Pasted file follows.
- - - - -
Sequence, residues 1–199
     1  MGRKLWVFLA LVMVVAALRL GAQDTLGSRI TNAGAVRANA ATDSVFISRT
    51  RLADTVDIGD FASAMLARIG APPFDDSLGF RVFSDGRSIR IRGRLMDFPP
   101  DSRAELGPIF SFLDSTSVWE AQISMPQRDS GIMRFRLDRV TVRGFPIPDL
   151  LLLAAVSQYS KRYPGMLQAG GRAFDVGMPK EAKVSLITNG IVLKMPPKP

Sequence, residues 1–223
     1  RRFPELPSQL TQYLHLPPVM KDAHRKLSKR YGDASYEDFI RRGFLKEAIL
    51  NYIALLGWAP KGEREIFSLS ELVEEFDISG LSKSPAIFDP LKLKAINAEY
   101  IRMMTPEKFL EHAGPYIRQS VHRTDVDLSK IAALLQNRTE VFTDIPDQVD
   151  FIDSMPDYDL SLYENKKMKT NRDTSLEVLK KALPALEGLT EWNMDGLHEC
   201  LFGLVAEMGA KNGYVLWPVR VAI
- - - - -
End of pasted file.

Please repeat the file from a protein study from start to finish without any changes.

Sequence, residues 1–199
     1  MGRKLWVFLA LVMVVAALRL GAQDTLGSRI TNAGAVRANA ATDSVFISRT
    51  RLADTVDIGD FASAMLARIG APPFDDSLGF RVFSDGRSIR IRGRLMDFPP
   101  DSRAELGPIF SFLDSTSVWE AQISMPQRDS GIMRFRLDRV TVRGFPIPDL
   151  LLLAAVSQYS KRYPGMLQAG GRAFDVGMPK EAKVSLITNG IVLKMPPKP

Sequence, residues 1–223
     1  RRFPELPSQL TQYLHLPPVM KDAHRKLSKR YGDASYEDFI RRGFLKEAIL
    51  NYIALLGWAP KGEREIFSLS ELVEEFDISG LSKSPAIFDP LKLKAINAEY
   101  IRMMTPEKFL EHAGPYIRQS VHRTDVDLSK IAALLQNRTE VFTDIPDQVD
   151  FIDSMPDYDL SLYENKKMKT NRDTSLEVLK KALPALEGLT EWNMDGLHEC
   201  LFGLVAEMGA KNGYVLWPVR VAI